In these conditions, can we really blame victims of the disease and their possibly infected loved ones for breaking out of (or into) the neighborhood?
As much common sense as it may make to first-world countries trying to stop a deadly disease, quarantines have always walked the thin line between healthcare and human rights violations. It has been well-documented that the difference between these two outcomes is efficient and strong communication. Something we have not achieved in West Africa.
Cordon sanitaire is a specific type of quarantine that uses physical barriers to mark an area of disease or military aggression. Its first known use as a phrase stems from France in 1821, when the French government sent 30,000 troops to the Pyrenees to stop a deadly fever from traveling from Spain into their country. Quarantines of this nature have been in use since the 1500s, often used in medieval times to thwart the bubonic plague. 2014 is the first year one has been government sanctioned since 1918, when the border between Russia and Poland was closed to prevent spread of typhus.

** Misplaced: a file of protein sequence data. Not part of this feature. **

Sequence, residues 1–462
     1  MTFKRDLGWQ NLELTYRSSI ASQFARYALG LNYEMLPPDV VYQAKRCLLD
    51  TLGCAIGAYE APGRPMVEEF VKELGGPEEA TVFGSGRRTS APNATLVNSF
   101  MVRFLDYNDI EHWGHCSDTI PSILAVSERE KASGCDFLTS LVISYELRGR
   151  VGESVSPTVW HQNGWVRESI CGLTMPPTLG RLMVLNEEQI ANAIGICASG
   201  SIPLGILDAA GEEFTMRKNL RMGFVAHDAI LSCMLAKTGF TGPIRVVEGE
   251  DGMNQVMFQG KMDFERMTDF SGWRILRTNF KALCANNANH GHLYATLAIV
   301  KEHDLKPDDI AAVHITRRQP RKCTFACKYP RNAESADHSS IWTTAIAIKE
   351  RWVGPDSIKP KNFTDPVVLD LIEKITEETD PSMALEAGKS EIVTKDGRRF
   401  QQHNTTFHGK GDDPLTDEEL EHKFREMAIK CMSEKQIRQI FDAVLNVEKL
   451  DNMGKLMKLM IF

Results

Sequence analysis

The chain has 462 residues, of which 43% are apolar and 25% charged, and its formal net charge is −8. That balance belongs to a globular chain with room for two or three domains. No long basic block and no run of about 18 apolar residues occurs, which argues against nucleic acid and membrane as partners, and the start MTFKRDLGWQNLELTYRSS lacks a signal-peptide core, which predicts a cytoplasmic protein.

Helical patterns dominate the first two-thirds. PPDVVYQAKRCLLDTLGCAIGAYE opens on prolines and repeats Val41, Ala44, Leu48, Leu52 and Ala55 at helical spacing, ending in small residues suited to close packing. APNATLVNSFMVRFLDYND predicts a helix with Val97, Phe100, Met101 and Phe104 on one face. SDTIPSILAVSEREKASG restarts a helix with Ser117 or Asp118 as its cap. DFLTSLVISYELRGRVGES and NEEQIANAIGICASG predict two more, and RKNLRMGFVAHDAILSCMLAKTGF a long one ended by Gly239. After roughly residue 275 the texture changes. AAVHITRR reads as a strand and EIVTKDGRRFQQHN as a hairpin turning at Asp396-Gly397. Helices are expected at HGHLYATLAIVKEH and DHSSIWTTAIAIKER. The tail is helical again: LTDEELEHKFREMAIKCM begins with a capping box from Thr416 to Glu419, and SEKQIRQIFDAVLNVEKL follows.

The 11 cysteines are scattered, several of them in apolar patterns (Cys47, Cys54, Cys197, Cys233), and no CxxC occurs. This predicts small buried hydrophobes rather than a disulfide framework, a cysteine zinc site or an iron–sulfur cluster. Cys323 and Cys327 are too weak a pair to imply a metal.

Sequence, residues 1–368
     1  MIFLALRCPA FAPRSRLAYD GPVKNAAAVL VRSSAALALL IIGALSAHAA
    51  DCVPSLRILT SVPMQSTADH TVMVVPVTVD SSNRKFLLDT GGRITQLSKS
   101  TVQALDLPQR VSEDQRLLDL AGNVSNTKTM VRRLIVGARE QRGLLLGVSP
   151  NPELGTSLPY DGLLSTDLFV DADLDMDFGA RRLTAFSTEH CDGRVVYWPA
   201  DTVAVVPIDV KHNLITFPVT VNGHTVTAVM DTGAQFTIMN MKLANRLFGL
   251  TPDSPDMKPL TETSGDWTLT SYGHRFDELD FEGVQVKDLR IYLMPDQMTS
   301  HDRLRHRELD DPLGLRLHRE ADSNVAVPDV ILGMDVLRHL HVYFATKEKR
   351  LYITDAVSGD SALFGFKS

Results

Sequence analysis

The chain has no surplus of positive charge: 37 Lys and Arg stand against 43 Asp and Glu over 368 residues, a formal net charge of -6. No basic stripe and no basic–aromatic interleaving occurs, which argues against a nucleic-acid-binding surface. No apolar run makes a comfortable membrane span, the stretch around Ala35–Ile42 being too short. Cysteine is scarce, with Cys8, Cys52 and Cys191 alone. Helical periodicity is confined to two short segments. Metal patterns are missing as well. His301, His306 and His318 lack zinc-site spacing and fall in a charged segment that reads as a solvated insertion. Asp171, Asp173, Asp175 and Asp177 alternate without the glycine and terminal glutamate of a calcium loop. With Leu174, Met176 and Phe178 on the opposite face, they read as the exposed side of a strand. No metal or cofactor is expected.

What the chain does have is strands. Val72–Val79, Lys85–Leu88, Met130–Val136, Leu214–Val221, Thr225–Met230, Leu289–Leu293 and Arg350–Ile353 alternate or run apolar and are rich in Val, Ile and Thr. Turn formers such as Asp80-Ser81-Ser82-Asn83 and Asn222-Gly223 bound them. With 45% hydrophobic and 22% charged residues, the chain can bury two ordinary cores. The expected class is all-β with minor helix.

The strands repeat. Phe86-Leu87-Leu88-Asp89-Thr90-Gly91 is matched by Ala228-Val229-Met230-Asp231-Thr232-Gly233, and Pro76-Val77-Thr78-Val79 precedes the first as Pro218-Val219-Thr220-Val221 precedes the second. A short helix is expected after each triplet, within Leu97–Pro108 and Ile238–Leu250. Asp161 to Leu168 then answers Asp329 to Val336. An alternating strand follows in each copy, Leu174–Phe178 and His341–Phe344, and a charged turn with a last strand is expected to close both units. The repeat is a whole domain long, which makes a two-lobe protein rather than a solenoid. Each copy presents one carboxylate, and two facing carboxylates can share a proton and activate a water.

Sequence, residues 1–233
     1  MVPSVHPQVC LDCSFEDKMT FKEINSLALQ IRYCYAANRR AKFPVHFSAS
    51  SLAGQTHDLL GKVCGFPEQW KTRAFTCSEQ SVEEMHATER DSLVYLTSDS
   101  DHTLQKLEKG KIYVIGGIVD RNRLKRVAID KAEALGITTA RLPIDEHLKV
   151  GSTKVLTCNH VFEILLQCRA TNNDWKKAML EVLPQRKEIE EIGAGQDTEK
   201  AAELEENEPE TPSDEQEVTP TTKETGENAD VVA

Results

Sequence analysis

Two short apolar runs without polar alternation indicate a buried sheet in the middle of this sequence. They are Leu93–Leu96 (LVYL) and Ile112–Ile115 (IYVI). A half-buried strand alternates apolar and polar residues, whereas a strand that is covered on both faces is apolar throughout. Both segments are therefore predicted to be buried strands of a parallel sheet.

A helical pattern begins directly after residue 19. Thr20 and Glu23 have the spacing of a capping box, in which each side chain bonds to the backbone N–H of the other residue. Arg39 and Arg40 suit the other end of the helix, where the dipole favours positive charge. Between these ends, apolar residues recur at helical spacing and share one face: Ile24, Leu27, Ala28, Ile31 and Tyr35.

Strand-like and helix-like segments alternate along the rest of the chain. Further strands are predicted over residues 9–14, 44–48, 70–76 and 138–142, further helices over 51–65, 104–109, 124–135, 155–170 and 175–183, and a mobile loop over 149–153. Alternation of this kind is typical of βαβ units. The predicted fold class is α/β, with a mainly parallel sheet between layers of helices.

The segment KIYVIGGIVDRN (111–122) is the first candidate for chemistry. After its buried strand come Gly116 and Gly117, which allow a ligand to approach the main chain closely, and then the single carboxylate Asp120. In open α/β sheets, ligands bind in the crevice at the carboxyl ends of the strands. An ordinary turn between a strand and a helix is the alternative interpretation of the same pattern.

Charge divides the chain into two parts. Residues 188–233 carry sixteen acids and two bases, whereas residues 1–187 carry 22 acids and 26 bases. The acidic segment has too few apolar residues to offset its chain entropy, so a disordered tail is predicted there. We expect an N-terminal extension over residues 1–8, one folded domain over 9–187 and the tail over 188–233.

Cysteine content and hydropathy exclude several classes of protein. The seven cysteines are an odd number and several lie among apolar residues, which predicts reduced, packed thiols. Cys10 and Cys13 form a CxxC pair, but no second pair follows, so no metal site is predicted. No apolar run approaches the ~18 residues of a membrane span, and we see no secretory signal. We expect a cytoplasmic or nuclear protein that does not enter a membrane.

In almost all cases of use, cordon sanitaire is a last resort, implemented when the cause and spread of a disease is unknown. As some residents of parts of West Africa are condemned to a dystopian reality, it is worth looking at the history of quarantines, and the diseases they were meant to prevent.
Bubonic Plague: 1665
Scenes of the Great Plague of London in 1665 (via Wellcome Images)
In 1665, England experienced its last epidemic of the deadly bubonic plague that had been prevalent since the 1400s. Top estimates say it killed 100,000 of London’s 460,000 citizens. While we now know the plague is spread by fleas from rats, in those days little was known about the origin of the disease. As is common, the infection stemmed from a destitute area.